Weighing News of Al-Qaida 'Setbacks'

CIA Director Michael Hayden says al-Qaida has suffered "significant setbacks" around the world. But analysts say the terrorist network's problems are largely of its own making — not the result of U.S. counterterrorism strategy.

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In an interview published in the Washington Post today, CIA Director Michael Hayden said the United States and its allies are doing, in his words, pretty well against al-Qaida. He offered that assessment even though Osama bin Laden is still at large and his network has been expanding its propaganda operations.

NPR's Tom Gjelten spoke counterterrorism analysts to find out if they share Hayden's optimistic views.

TOM GJELTEN: Michael Hayden singled out Saudi Arabia and Iraq as places where al-Qaida has suffered, in his words, near strategic defeat. A branch of al-Qaida established a foothold in Iraq but the local residents turned against the movement, apparently, in response to al-Qaida's brutal methods. In Saudi Arabia, it was the government itself that took on the terror network. In 2007 alone, Saudi authorities arrested between 400 and 500 militants. Says a senior U.S. intelligence official, if you're on the Saudi's terrorist list, you're probably dead or in jail.

But Jarret Brackman, research director with the Center for Combating Terrorism at West Point, says the most impressive aspect of the Saudi crackdown was the way the authorities went after al-Qaida ideologically with former Jihadi leaders who now have second thoughts about terrorism.

Mr. JARRET BRACKMAN (Research Director, Center for Combating Terrorism, West Point): Bringing in some of the hardline Jihadi clerics and putting them on TV, talking about how they renounce and regret the violence that they inspired, I think it's a case study in how an Arab regime can deal with a domestic al-Qaida problem in a really effective way - not relying on violence, but on really aggressive policing and intelligence, but also smart recognition that this is an ideological challenge as much or more than it is a military challenge.

GJELTEN: In his Washington Post interview, CIA Director Hayden cited this aspect of the struggle against al-Qaida, saying it shows that, quote, "a lot of the Islamic world pushes back on their form of Islam." The United States can't really take credit for this development, but Hayden also claimed military progress in the campaign to root out al-Qaida bases in the area along the Pakistan-Afghanistan border. The new Pakistani government seems less unkind to let the U.S. government conduct counter-terror operations in that area. But Hayden said he's comfortable with the authorities the United States still has there.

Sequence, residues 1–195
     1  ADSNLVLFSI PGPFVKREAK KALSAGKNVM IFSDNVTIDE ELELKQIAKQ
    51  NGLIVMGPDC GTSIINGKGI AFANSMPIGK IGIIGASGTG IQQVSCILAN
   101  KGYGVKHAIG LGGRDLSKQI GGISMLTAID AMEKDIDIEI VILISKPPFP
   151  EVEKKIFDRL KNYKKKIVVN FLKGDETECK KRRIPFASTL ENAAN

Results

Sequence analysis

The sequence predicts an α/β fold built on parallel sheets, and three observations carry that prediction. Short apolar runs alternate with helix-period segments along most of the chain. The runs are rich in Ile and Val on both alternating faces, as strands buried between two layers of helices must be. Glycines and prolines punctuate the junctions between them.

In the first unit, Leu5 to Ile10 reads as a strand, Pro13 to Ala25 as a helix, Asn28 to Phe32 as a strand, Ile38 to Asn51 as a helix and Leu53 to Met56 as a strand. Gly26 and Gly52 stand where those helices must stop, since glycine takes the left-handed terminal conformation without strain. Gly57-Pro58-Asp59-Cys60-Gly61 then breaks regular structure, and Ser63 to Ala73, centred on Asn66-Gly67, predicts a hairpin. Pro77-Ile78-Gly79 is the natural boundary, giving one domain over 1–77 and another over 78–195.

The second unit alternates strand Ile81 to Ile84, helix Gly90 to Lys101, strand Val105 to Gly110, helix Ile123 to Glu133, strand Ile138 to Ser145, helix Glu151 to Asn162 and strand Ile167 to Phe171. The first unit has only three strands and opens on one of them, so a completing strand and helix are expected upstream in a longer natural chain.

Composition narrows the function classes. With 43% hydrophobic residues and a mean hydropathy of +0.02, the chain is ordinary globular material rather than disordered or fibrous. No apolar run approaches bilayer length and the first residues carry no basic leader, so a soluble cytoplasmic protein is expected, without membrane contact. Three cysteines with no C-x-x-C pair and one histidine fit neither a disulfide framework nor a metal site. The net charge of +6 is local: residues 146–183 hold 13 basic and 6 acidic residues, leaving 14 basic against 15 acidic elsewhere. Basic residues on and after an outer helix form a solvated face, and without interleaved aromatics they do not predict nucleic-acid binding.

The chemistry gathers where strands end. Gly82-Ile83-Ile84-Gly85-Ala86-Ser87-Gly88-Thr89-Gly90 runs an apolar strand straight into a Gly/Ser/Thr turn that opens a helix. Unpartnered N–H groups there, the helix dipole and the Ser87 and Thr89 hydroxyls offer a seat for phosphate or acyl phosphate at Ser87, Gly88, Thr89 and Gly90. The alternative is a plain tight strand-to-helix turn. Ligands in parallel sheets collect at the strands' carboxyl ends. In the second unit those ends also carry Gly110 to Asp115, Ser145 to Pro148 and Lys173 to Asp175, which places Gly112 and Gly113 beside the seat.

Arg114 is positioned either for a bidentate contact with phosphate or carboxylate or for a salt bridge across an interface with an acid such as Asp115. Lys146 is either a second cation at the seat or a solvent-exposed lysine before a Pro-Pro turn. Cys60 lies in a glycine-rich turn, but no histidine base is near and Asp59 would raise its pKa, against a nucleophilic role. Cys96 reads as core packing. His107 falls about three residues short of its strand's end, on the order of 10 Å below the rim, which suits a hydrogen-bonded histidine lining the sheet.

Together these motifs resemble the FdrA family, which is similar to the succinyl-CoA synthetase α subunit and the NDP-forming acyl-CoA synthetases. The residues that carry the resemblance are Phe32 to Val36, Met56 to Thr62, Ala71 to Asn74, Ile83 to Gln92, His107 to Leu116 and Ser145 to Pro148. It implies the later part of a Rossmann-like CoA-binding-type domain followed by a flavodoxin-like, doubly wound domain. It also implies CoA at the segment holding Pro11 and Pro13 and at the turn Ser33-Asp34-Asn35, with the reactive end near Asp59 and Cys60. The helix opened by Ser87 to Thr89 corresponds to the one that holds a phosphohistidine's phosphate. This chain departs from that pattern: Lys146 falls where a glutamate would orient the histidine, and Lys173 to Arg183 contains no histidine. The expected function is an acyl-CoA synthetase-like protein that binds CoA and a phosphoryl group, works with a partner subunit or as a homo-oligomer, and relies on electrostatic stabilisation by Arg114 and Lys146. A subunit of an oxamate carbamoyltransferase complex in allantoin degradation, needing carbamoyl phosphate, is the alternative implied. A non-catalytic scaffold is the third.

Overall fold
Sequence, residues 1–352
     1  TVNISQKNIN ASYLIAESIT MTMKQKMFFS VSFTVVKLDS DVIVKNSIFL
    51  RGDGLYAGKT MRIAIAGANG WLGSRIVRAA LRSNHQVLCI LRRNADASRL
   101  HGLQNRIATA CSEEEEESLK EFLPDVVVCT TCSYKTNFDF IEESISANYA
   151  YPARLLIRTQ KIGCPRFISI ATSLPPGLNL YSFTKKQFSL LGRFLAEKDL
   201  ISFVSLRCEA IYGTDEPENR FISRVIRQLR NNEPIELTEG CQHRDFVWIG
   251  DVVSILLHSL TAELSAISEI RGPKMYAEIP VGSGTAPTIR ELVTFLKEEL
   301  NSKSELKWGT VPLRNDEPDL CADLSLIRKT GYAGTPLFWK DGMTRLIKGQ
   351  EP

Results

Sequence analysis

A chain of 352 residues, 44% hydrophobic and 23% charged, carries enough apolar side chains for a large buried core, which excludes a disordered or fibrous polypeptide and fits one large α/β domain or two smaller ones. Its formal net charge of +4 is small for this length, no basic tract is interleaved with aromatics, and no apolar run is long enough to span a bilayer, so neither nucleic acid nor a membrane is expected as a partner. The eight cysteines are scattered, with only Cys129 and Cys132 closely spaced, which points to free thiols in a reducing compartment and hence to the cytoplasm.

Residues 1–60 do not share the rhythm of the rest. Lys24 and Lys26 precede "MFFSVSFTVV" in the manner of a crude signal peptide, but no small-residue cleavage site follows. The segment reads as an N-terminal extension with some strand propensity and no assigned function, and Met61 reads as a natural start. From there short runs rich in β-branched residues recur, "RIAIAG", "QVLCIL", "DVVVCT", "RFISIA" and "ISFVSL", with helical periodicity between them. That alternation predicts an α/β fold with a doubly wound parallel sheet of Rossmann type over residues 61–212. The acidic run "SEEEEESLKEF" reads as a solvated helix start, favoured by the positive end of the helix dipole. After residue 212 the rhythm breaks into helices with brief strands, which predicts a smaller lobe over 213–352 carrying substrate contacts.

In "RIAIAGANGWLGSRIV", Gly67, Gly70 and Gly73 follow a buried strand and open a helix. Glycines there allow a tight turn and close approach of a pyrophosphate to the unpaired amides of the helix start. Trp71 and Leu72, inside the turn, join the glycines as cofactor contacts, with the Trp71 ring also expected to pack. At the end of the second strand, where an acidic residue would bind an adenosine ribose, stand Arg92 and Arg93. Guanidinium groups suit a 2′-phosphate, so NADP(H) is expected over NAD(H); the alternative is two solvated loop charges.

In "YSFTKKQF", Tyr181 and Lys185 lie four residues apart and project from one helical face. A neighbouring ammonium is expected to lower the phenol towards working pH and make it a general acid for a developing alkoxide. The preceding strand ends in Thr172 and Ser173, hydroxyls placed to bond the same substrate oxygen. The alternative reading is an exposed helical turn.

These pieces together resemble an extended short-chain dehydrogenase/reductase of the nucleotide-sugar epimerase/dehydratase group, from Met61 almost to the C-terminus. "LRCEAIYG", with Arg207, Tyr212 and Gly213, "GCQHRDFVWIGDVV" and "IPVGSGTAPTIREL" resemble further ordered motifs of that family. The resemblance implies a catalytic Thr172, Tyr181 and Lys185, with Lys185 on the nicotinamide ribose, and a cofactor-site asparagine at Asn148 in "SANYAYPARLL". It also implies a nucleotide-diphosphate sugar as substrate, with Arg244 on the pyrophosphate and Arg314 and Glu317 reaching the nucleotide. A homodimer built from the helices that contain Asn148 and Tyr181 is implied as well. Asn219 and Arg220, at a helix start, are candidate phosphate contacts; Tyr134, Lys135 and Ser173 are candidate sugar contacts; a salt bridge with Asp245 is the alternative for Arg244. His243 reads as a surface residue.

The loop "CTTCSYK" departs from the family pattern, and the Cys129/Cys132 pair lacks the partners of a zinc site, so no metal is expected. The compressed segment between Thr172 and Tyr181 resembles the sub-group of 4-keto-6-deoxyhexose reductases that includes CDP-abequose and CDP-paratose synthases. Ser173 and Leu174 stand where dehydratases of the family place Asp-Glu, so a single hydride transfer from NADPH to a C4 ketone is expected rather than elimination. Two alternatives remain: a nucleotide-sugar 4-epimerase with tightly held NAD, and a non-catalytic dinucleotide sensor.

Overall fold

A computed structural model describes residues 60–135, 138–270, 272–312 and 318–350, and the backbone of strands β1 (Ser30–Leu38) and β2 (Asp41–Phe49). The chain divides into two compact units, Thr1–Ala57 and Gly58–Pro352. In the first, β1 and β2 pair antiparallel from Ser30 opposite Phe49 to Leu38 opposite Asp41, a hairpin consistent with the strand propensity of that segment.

There are clearly limits to this assessment. In neighboring Afghanistan, the U.S. general in charge of military operations sees less cooperation, lately, from the Pakistanis. General Dan McNeill, briefing reporters yesterday in Kabul, says attacks on U.S. forces in eastern Afghanistan have risen recently because the Pakistanis have not been going after Taliban and al-Qaida forces on their side of the border.

General DAN McNEILL (U.S. Army): After no pressure on these extremists and these terrorists on the other side of the border, and there appears to be a lack of pressure on them right now. We keep a measurement of what occurs and you'll know over time, when there has been dialogue or peace deals, the incidents are going up. What you're seeing right now is the effects of no pressure on these extremists and insurgents on the other side of the border.

GJELTEN: Michael Hayden's guarded optimism with respect to the fight against al-Qaida, is nevertheless shared by many terrorism experts. Michael Sheehan, an ambassador-at-large for counterterrorism under President Clinton, is the author of a new book called "Crush the Cell." Al-Qaida, he says, has suffered political setbacks. He also warns that a smaller, more isolated al-Qaida can still carry out attacks.

Mr. MICHAEL SHEEHAN (Writer, "Crush the Cell: How to Defeat Terrorism Without Terrorizing Ourselves"): Having a black or white picture of this threat is not helpful. If you think they're 10 feet tall and everywhere, you wind up giving them more credit than they do. Terrorism is an act of the weak. If you overreact to their capability, you spent too much money, invade the wrong countries, you distract yourself. At the same time, if you - it's important to stay focused on them, because they do have an attempt to kill us in large numbers.

GJELTEN: The Washington Post today said Michael Hayden's assessment of the anti-al-Qaida effort was strikingly upbeat. But a senior intelligence official later sought to soften that impression, saying the CIA director did not himself characterize his view in that way.

Tom Gjelten, NPR News, Washington.

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